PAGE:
Pembroke’s Josh Philbrick traded in his construction job to dig into the smoothie business by launching a delivery operation and a new storefront in Concord
You never know where life will lead.
Sometimes, it takes you into your boss’s office, where your life changes.
Just ask Josh Philbrick. One day, he was in the construction business working for his father, managing subcontractors and crews, maintaining schedules, doing what was part of his family DNA.
And on a subsequent day, at nearly 40 years old, Philbrick was giving his two-week notice and chasing a dream, blending and mixing things like a mad scientist in his laboratory, searching for the right formula in his new and somewhat unrelated career path:
Making smoothies. Selling smoothies. Smoothies, smoothies, smoothies. He opened on Pleasant Street last June.
“I was smoothing all the time,” said Philbrick, yet another new local business owner trying to build something during the pandemic. “It’s a great way to open the day, but it was a passing thought.”
Then, it was more.
He’s lived in Pembroke for five years. He opened Smoothie Bus Shoppe in Concord last June, once the COVID-19 quarantine was lifted. He had opened his first shop on Elm Street in Manchester nearly two years ago.
The Smoothie Bus is a real piece to his business model, a seasonal ride, March through October, delivering pre-ordered smoothies in an old ice cream truck that’s gutted, with new floors and a blinding sunshine-yellow paint job. He has two in his fleet, and they surfaced before his storefronts did.
During the pre-coronavirus days of 2018 and ’19, Philbrick gladly recalled long shifts working at Southern New Hampshire University on Commercial Street in Manchester. The bus rolled in each Friday that first season. Philbrick said he sold 250 smoothies there in 2018, then again in ’19. He said sometimes there was a two-hour wait. He also made regular stops at business parking lots, serving a minimum order of five smoothies.
But COVID-19 sort of stopped that program in its tracks. Workers stayed home and quarantined last summer, the peak season for mobile smoothie sales. Lunchtime smoothie bashes dried up, and that took a huge bite from Philbrick’s financial plan.
“We ran one bus this year,” Philbrick said. “It was a lot slower than usual.”
Philbrick says walk-in business is good, quick in, quick out, and in fact he’s hoping to one day expand. Meanwhile, he never saw any of this coming. Not really. Not at first.
But it must have been tucked away somewhere. Philbrick worked for his dad’s construction company in high school, learning about remodeling during summer breaks. He did construction in the Granite State and Florida, where he was a project superintendent for a custom home builder in Tampa.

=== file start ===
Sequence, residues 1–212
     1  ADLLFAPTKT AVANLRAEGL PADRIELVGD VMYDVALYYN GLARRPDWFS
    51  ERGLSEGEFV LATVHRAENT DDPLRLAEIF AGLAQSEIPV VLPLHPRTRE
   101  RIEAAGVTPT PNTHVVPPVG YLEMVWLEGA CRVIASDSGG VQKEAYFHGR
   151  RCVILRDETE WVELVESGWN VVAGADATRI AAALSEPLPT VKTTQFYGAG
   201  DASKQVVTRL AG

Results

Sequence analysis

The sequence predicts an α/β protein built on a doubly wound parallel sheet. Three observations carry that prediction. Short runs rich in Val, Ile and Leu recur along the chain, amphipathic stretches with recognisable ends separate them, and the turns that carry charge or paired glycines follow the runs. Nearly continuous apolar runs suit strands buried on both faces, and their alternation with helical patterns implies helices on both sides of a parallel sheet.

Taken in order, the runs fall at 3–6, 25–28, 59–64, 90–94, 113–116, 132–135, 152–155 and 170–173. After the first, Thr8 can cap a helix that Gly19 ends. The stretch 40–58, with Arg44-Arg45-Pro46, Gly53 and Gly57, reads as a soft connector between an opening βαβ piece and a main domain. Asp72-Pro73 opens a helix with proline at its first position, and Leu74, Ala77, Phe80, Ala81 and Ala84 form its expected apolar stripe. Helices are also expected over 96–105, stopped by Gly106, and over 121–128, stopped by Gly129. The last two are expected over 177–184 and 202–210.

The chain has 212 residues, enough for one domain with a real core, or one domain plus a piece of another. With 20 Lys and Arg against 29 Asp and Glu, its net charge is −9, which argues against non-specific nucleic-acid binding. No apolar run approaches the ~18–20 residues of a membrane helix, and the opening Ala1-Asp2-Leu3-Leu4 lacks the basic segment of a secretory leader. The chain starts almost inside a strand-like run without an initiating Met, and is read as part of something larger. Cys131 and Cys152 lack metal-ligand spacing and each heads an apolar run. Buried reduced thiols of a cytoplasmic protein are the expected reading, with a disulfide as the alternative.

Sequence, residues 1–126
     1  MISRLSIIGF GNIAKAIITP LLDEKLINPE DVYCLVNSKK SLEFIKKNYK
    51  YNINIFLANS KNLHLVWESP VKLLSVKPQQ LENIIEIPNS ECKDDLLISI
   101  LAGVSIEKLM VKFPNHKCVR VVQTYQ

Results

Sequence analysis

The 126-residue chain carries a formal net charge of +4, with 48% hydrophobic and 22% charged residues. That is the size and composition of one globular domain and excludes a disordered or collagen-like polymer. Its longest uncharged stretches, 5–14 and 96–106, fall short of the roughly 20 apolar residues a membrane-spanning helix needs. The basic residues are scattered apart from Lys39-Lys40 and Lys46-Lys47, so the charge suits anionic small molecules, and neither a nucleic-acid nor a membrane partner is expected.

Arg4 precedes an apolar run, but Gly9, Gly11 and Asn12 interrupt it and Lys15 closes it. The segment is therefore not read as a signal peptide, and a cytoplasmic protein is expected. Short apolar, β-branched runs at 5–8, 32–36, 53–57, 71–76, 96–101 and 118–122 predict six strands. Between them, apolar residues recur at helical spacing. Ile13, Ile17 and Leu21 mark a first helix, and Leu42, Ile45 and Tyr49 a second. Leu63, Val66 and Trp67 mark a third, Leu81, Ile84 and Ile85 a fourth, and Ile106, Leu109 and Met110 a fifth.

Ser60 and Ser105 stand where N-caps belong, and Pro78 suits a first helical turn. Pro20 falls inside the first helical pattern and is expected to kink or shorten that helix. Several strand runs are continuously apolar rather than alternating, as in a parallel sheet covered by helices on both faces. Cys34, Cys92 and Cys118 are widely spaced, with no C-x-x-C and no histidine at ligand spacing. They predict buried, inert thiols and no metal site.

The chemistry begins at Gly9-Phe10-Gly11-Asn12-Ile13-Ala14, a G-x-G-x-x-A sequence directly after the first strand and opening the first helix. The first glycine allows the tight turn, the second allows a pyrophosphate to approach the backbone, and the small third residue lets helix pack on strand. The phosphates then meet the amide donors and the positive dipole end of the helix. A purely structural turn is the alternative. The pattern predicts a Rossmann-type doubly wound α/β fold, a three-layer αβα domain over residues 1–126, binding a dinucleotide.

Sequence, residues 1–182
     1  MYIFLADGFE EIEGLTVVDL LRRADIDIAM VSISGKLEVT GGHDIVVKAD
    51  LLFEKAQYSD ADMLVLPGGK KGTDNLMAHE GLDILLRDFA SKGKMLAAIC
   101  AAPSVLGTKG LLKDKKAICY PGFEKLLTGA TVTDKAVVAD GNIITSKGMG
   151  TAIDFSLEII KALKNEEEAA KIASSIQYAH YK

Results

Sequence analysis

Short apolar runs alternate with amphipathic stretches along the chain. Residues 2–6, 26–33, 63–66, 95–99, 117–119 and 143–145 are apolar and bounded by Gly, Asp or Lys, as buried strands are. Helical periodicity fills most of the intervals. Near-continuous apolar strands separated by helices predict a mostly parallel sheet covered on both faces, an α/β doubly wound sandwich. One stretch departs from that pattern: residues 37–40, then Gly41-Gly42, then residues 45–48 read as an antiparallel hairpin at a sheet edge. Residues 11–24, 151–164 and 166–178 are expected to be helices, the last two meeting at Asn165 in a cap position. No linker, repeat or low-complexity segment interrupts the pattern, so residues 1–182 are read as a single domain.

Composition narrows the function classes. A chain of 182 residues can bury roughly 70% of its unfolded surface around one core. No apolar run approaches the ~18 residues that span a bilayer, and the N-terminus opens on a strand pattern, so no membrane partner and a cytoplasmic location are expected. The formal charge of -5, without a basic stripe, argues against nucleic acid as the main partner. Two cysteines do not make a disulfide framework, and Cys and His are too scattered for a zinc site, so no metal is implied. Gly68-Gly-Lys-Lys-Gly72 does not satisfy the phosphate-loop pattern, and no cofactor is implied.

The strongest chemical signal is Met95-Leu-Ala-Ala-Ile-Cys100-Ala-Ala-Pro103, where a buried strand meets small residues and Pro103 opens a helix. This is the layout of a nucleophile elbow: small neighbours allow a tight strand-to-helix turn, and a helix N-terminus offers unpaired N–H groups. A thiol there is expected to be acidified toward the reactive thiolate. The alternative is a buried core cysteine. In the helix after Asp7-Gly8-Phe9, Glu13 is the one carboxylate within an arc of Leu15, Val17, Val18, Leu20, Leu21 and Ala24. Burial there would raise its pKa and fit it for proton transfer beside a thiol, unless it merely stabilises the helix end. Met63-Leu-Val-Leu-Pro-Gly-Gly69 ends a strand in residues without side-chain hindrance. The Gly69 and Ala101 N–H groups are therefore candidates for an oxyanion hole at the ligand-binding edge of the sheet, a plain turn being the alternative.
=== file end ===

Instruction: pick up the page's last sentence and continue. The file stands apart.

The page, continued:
He studied informational technology and architectural engineering in college, but over-seeing a construction site was his forte. He met his wife, Sonya, in Florida, and she was the one who convinced her husband to think about blending fruity things, not concrete, after the couple settled in Pembroke five years ago.
“She asked, ‘Why don’t we open a smoothie place,’ ” Philbrick said. “That was it. I pondered it for a bit and said sure, why not, and I went online and looked at vehicles and I saw this old ice cream truck out of Pennsylvania and my dad got it and brought it back and we made it into the Smoothie Bus.”
He did the paperwork, satisfied the health inspector, filled in all the blanks to launch his idea. Driving something that looked like it came straight from the 1960s, he took his bus to area car dealerships and introduced his new product. Sales were great. That was on a Friday.
Philbrick gave his two-week notice on Monday, three days later.
He’s since added a transit bus from Massachusetts to his smoothie magical mystery tour. He said he missed the construction business, but only to a point.
“Somewhat,” he said. “I enjoy what I do now, though. I don’t miss the schedules, but I miss the work and the guys I worked with. I enjoy working with my hands, but I knew that on-site construction was not the career path I wanted.”
Making smoothies for a line of smoothie lovers means hard work. “It’s fast-paced,” Philbrick said, “but construction is fast-paced, so it was not a hard transition for me.”
The biggest transition is the smoothie itself. Or how it’s made now, by a professional, not an amateur, and how it tastes now, with its fancy, unending flavors.
“We always made our own smoothies,” Philbrick said. “It was a mix of whatever was in the refrigerator. Bananas, apples, oranges, toss them in and then drink it.”
He’s experimented with different mixtures, searching for the elusive smoothie that brings a July 4 fireworks celebration to your mouth. As well as a smile.
Philbrick’s favorite flavor is peanut butter power. He’s sipped a lot of them, and others, too.
“We created all of these after that first summer,” Philbrick said. “Narrowing it down, we had to figure out which combination would give you the best flavor. We had to taste them to make sure.
“I did not want another smoothie for a while after that. I’d had enough.” u